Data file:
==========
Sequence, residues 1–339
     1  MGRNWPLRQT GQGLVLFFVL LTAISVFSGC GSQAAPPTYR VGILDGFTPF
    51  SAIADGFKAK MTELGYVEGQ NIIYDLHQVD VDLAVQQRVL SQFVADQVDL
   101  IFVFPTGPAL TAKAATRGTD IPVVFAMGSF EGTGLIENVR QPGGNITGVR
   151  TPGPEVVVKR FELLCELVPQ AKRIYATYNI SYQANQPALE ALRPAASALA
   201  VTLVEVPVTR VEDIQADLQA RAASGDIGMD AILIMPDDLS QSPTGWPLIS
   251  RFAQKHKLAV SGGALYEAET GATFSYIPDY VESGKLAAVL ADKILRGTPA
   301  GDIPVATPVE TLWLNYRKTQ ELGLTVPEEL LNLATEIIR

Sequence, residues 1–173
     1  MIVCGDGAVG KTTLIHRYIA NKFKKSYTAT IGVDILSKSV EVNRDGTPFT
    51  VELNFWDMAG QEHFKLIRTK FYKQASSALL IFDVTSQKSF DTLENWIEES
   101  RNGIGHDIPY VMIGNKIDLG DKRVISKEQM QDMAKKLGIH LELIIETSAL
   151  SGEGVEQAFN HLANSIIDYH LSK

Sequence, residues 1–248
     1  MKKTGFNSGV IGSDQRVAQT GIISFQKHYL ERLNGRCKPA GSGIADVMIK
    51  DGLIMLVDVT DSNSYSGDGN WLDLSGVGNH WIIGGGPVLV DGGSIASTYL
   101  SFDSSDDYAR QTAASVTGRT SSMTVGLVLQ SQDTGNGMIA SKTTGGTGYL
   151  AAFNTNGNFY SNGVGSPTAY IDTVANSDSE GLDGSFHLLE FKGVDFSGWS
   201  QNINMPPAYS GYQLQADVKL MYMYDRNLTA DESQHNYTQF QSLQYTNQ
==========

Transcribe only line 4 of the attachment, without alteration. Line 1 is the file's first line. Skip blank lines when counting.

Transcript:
   101  IFVFPTGPAL TAKAATRGTD IPVVFAMGSF EGTGLIENVR QPGGNITGVR